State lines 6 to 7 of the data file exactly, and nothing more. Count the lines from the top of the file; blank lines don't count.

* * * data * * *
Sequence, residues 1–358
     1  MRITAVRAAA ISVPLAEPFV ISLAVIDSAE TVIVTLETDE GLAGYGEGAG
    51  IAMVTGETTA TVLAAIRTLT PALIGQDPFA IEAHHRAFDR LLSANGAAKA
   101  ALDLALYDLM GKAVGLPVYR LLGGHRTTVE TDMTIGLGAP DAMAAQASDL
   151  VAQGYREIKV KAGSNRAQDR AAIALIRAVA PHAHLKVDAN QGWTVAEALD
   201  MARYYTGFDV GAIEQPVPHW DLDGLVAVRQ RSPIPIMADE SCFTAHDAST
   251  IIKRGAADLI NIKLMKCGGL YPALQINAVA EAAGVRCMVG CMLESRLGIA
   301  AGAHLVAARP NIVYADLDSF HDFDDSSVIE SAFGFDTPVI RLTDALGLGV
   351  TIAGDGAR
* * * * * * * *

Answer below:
   201  MARYYTGFDV GAIEQPVPHW DLDGLVAVRQ RSPIPIMADE SCFTAHDAST
   251  IIKRGAADLI NIKLMKCGGL YPALQINAVA EAAGVRCMVG CMLESRLGIA